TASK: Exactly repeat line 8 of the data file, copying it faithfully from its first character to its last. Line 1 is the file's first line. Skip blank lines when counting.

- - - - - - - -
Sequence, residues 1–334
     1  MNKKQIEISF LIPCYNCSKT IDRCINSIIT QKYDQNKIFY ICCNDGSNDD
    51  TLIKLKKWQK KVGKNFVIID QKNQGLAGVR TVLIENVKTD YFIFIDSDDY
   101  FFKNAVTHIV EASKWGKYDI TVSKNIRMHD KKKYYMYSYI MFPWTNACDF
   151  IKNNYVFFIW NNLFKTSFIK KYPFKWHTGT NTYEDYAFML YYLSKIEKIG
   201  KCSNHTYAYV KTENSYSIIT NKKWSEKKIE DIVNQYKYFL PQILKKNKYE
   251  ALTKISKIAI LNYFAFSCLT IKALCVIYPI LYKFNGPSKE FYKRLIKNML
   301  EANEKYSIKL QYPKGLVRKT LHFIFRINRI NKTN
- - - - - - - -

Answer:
   301  EANEKYSIKL QYPKGLVRKT LHFIFRINRI NKTN